Israel’s capital market, jostling with investors, venture capitalists and capital-owned companies, is flourishing. As a result, more and more companies are aiming to list themselves on the Nasdaq.
“This is a major investment and must be closely studied,” says lawyer Zvi Kan-Tor, who, together with Amit Acco, co-founded and now manages Kan-Tor & Acco, a law firm specializing in global corporate and immigration law. “Entering the market without first learning its ropes is like a footballer striding onto a basketball court, declaiming: ‘Sport is sport!’”
Kan-Tor & Acco, Global Corporate Immigration Law, was early in recognizing globalization processes, and set about creating a comprehensive legal framework for companies seeking to take their first steps overseas. Its attorneys have helped draft regulations and laws that continue to shape commercial mobility in Israel. They are regularly consulted regarding the latest legislative changes, and are experts in those of the US.
“Work visas and immigration issues have long been prominent in the domestic politics of nations,” says Kan-Tor. “In today’s global market, this has greatly increased. So, if you want to expand your company, it’s vital to remain current in these areas, always alert to what is coming.”
Kan-Tor & Acco’s US department is staffed by three US-certified attorneys and a team of hardworking paralegals, all expert in the procedures involved in obtaining the visas that enable skilled workers and experts from around the world to live and work in the US.
Flattening the Learning Curve
Globalization has increased both the need and the desire for worker mobility. This has, in turn, increased the legislative complexity and requirements for doing so. “Israel initially grappled with significant questions regarding the migration of foreign workers,” says Kan-Tor. “This escalated after the events of 9/11, which of course had significant impacts on both the law and the processing of US visa applications. Then came the pandemic, which, in this context, was essentially more of the same, but with greatly diminished possibility of global cooperation.”
Security, terrorism and health issues have thus cumulatively resulted in stricter criteria for obtaining work visas and for adhering to them, with significant penalties for companies (from their local managers to their foreign workers) who break the law. “We’ve learned a lot,” says Kan-Tor. “The technological revolution has smashed boundaries, and mobility of experts has become a crucial part of how large companies everywhere operate. The sensitivity of the US authorities to errors on application forms or in procedures is felt at every stage of the visa process.”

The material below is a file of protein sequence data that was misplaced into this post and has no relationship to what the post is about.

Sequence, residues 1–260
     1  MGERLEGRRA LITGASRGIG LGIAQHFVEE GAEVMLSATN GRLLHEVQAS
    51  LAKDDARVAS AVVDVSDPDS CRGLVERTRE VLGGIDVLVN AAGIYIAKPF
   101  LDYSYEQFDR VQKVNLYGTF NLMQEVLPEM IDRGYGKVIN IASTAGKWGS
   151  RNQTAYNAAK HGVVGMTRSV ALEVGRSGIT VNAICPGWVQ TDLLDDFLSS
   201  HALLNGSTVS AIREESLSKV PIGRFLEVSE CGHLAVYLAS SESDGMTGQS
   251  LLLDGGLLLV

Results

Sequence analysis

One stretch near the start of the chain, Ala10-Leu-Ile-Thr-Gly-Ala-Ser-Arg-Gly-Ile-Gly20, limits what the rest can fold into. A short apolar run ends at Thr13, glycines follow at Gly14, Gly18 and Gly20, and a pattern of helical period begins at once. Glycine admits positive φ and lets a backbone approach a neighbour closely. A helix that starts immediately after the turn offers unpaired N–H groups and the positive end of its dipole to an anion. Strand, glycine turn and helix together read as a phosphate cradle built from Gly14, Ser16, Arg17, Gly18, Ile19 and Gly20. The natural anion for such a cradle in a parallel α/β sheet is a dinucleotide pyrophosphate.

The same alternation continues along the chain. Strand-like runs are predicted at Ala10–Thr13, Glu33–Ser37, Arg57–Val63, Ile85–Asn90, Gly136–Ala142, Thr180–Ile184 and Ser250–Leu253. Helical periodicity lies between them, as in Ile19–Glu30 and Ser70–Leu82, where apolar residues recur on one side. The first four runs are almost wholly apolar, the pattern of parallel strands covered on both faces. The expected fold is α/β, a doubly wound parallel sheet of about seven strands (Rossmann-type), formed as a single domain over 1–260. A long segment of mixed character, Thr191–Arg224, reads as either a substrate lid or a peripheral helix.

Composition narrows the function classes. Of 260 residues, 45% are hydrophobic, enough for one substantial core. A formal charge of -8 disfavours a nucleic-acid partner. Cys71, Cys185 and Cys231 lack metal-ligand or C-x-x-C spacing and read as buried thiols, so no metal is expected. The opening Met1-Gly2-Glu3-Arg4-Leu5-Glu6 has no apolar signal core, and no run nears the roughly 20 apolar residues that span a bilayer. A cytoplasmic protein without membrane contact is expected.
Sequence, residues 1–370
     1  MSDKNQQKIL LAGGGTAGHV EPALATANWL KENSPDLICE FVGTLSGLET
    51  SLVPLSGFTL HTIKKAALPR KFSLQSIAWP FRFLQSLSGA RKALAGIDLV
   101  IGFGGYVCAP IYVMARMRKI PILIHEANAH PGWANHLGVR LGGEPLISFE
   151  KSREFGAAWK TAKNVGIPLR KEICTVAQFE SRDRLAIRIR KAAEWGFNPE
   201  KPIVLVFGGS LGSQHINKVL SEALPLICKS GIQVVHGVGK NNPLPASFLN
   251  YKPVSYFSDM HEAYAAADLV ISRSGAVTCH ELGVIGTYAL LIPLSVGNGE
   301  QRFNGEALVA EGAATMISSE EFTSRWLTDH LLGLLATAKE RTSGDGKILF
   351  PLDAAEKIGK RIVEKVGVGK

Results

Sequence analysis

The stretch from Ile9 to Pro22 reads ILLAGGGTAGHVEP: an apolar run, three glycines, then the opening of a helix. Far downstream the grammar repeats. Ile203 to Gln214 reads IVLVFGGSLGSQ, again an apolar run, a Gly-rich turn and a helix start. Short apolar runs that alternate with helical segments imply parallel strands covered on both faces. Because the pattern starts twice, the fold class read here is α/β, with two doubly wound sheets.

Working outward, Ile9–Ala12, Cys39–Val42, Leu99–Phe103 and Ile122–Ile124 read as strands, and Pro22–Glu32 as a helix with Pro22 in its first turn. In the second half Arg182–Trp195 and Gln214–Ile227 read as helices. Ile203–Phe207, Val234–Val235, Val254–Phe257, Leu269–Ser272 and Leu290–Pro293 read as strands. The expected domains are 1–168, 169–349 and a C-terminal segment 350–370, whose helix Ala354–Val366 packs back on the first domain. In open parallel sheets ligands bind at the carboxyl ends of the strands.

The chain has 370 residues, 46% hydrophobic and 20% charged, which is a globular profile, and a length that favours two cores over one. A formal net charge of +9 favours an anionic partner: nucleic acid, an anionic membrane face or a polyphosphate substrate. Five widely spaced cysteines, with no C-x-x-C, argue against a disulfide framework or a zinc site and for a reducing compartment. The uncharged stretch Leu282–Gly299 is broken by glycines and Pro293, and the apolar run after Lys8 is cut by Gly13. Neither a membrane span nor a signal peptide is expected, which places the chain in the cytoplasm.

Whereas the State of Israel has only one type of work visa, the US has dozens of types and subtypes, each with different criteria that must exactly correspond with those of the corresponding applicant on the other side — the Israeli manager, company or employee. “US lawyers are often less familiar with other countries’ business environments, so applicants consult professional American lawyers like those in our firm, who are physically here and well versed in the area,” says Kan-Tor. “Crafting the visa applications of individuals and companies with the correct emphases and within the stern guidelines is their expertise.”
The firm’s primary specialty is American visas - H, E, L , and O. Each category is extremely specific. The H1-B visa, for example, is for a specialty occupation. The L visa is for intracompany transferees in managerial,executive, or specialized knowledge positions in companies located outside the US. The E visa permits movement of investors and traders to the USA under existing commerce treaties. The O nonimmigrant visa is for individuals with extraordinary ability in the sciences, arts, education, business, athletics, movies or TV.
There are also subcategories, such as the E2 investment visa. “This is for those wanting to develop a business venture in the United States, in which they plan to make a significant investment of capital,” explains Kan-Tor. “To obtain it, an Israeli citizen must be in a managerial or supervisory position or possess unique knowledge. We accompany firms as they prepare the business model to present to the authorities.”
These are just a few examples. There are visas for experts, for those particularly successful in their field, as well as for senior executives, for the spouses and families of relocating workers and many, many more. Professional advice is needed, says Kan-Tor, to select the optimal type of visa and to file an application that meets all eligibility requirements.
“Each visa type has its advantages and disadvantages, with its eligibility requirements differing according to employee, employer and position,” he says. “Professional accompaniment saves significant time, and prevents serious and unnecessary mistakes. Instead of hapless applicants learning the process by trial and error, we flatten the large learning curve.”
Kan-Tor & Acco houses 12 specialized teams that cover all areas related to worker mobility between Israel and the United States and further afield. These include Israeli visas for high-tech workers and infrastructure experts from around the world, as well as visas for Israelis to the US and beyond.
“We’re committed to giving our clients dedicated, high-quality service, and this is what we do every day,” concludes Kan-Tor.
Partnered with Kan-Tor Law & Acco Law Office